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. Environmental Degradation A Growing Public Danger To People In China

and the global economic boom continuing...
by Staff Writers
Beijing (AFP) Jul 04, 2007
China's environment is close to breaking point and the situation is endangering people's lives, one of the nation's top anti-pollution officials said in comments published Wednesday. Pan Yue, an outspoken vice minister at the State Environmental Protection Administration, said campaigns to clean-up the environment were going backwards because the country's primary focus continued to be on economic growth. "Pursuit of short-term goals is leading to ever increasing pollution despite various measures," Pan told the China Daily in an interview.

"Traditional ways of development have caused the near breakdown of China's resources and environment, and people's lives are in great danger."

His comments come as dumped industrial waste forced drinking water to be cut off for 200,000 residents in eastern Jiangsu province.

A factory had been dumping hazardous levels of ammonia and other chemicals into a river, forcing the suspension of water supplies to residents in Shuyang county, the official Xinhua news agency reported.

China's poor environment is also causing a rising number of environment-related "mass incidents", the government's term for protests, riots and other forms of public unrest, it later quoted the administration's director, Zhou Shengxian, as saying.

Zhou provided no figures on the incidents but said environmental petitions received by his agency had increased eight percent in the first five months of 2007 over last year.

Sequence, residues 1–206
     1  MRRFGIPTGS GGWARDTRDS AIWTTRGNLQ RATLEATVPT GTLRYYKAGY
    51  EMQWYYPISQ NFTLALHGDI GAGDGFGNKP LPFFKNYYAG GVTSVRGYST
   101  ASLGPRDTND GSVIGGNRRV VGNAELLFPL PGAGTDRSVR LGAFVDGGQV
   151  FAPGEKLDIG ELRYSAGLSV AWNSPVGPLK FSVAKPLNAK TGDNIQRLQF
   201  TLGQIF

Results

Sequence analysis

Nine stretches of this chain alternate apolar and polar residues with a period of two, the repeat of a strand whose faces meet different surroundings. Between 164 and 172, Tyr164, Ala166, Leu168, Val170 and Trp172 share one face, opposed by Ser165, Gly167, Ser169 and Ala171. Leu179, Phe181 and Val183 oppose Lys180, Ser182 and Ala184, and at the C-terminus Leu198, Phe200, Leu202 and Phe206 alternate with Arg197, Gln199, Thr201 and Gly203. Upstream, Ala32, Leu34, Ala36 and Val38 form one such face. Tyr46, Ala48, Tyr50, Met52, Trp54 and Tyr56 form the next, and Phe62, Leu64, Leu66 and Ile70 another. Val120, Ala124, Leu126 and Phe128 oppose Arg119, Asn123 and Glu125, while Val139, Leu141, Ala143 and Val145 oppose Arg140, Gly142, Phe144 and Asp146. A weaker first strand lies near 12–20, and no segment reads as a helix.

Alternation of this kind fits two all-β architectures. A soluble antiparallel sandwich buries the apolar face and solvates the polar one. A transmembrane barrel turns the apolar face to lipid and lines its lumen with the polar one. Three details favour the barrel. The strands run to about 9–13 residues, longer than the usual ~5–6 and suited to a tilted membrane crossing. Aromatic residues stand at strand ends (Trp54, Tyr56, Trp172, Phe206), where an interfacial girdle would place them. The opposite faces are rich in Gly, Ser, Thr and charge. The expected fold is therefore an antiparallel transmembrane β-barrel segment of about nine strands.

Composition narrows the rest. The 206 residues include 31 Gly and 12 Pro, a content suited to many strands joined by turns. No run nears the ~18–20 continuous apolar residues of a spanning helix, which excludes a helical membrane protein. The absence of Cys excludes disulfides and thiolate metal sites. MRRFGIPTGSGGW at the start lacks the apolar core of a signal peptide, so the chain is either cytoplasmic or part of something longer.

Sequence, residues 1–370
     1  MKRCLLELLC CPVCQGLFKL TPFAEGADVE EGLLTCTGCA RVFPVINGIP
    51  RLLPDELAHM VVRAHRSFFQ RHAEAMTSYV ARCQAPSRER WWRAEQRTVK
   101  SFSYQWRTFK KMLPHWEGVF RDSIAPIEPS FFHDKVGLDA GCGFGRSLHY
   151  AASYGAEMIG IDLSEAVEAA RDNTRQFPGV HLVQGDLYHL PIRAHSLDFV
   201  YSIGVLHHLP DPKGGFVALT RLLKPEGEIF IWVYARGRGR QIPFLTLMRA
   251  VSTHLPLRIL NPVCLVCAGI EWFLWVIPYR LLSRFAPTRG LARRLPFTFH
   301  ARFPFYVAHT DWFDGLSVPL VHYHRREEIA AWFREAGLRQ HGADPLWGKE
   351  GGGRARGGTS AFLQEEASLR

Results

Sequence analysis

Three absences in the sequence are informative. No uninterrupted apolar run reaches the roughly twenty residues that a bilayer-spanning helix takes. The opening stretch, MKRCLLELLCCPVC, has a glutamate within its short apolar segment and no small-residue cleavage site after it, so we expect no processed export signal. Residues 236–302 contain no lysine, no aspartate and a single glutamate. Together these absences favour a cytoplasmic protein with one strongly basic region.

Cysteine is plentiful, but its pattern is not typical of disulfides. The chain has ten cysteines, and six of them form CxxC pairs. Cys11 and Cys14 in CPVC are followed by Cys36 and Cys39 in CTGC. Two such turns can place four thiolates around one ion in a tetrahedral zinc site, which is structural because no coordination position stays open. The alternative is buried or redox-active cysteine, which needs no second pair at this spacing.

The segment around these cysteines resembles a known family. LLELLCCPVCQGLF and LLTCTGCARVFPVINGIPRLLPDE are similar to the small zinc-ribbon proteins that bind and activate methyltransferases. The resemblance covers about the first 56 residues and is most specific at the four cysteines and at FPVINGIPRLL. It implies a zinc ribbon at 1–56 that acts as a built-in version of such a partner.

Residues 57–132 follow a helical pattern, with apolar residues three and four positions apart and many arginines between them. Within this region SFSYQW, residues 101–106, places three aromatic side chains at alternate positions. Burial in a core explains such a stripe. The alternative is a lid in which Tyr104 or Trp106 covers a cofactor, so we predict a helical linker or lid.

The officials' comments came a day after the London-based Financial Times newspaper reported that the Chinese government had pressured the World Bank into deleting data from a report showing that 750,000 people die prematurely in China each year from pollution.

Pan's interview in the China Daily coincided with the announcement from the environmental watchdog that it had launched a crackdown in some of the country's most polluted areas, banning new industrial projects for three months.

Six cities, two counties and five industrial zones were targeted for their roles in polluting the Yangtze, Yellow, Huaihe and Haihe rivers, the China Daily reported.

More than 70 percent of China's waterways and 90 percent of its underground water are contaminated by pollution, according to previous government reports.

Source: Agence France-Presse

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Hong Kong Choked By Growing Pollution Problem
Hong Kong (AFP) June 30, 2007
Discarded cigarette packets, McDonald's wrappers and even old socks litter the shores of Lau Fau Shan in Hong Kong's far north, home to what remains of the territory's oyster farming industry. From across the border in China, factories belch smoke into the fetid air over Deep Bay, one of Hong Kong's most polluted stretches of water.

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